An excellent study: “We’re far more comfortable talking about potential victory than we are discussing the possibility and – let’s be honest – very strong likelihood of loss. And even when we are discussing loss, we spend more time talking about mitigating risks than we do how to react should the adverse occur. This means that we have a generation of young leaders who learn about loss only when it actually happens. This is decisively the opposite of how we treat everything else in the Army as regards training. We don’t send soldiers into battle without ever having fired their weapon; why should we send commanders to war without at least having some training on how to deal with loss and defeat?…”
In the U.S. Army we have a long tradition of victory – or so we tell ourselves. We proudly carry the campaign streamers from past conflicts on our unit colors and enjoy hearing about the exploits of past heroes. Victory is our expectation. But what if that isn’t what happens? Now, I’m not talking about the nebulous idea of strategic victory in places like Vietnam, Iraq, or Afghanistan; I’m talking about the sharp and nasty feeling of operational and tactical defeat. Retreat. Withdrawal. Being overrun. Loss of soldiers. Loss of entire units. Disaster.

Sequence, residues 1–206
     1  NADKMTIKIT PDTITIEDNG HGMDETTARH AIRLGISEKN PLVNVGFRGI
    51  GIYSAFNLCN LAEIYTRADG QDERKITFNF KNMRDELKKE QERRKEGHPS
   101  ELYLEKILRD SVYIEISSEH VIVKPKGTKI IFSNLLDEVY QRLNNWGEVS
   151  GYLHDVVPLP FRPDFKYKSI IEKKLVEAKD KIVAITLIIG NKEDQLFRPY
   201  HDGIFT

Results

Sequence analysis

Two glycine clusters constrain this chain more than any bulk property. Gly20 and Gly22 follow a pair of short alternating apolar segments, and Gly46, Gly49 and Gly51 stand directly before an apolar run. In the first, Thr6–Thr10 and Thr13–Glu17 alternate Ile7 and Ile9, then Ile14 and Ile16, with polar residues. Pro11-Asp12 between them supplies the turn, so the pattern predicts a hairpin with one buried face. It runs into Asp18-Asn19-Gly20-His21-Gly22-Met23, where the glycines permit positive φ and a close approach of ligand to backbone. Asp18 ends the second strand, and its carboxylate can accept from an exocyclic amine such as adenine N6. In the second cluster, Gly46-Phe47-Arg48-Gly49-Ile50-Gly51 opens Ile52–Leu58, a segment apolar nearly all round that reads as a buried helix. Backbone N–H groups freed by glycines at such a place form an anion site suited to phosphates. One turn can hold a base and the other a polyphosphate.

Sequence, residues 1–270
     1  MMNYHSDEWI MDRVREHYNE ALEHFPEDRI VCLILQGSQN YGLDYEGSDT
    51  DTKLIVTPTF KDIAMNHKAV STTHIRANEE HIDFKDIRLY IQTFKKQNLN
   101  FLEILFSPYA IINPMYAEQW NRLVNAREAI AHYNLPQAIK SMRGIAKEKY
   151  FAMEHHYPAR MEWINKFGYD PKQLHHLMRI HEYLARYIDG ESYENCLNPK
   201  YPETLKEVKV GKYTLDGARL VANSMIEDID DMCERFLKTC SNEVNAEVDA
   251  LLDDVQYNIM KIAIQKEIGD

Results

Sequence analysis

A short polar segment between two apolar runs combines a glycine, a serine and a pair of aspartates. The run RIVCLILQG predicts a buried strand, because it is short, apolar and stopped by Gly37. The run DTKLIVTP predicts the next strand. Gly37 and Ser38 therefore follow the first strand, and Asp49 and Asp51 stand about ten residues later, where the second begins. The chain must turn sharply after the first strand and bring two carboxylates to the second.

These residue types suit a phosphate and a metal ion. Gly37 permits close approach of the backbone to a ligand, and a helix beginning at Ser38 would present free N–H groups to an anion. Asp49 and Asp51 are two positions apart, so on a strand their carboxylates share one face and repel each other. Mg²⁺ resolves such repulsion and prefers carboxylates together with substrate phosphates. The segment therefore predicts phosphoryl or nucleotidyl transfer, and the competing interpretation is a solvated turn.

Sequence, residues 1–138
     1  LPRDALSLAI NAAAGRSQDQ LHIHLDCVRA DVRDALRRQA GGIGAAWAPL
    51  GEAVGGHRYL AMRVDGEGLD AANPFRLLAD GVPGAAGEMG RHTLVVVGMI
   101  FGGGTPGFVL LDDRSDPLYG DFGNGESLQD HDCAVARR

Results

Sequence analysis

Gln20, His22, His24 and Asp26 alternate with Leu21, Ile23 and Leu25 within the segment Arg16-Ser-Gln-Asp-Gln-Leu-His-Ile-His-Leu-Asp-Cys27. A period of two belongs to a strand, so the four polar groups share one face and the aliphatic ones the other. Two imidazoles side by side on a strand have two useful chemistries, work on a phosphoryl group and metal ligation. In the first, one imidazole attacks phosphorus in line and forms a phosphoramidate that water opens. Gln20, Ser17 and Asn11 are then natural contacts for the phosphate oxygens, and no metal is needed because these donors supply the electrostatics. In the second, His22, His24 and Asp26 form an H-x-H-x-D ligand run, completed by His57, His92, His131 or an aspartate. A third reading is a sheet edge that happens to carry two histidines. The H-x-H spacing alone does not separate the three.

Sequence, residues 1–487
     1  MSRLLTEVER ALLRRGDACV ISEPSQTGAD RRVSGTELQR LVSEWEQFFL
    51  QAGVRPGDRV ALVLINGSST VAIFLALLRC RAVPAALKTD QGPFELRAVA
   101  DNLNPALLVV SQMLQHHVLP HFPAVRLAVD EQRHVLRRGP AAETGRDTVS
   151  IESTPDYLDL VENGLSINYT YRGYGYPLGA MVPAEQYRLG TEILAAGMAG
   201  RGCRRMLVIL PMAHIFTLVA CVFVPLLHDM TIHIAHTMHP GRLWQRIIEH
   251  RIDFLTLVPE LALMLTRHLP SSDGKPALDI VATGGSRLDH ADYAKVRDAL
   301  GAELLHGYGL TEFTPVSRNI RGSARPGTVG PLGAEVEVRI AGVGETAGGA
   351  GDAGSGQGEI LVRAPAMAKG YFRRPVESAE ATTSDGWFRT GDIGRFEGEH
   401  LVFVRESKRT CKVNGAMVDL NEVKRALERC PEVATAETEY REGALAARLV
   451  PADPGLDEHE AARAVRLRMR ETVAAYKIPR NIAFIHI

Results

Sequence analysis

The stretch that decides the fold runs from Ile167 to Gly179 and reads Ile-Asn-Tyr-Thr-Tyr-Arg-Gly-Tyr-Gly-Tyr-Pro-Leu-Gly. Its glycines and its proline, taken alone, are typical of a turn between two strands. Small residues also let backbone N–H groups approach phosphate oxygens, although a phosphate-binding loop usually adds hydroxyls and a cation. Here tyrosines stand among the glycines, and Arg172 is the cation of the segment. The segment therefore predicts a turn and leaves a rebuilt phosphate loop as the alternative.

A sight we are not used to: U.S. soldiers surrendering to the Germans after their unit was overrun during the Battle of the Bulge in World War II.
We’re far more comfortable talking about potential victory than we are discussing the possibility and – let’s be honest – very strong likelihood of loss. And even when we…
View original post 2,018 more words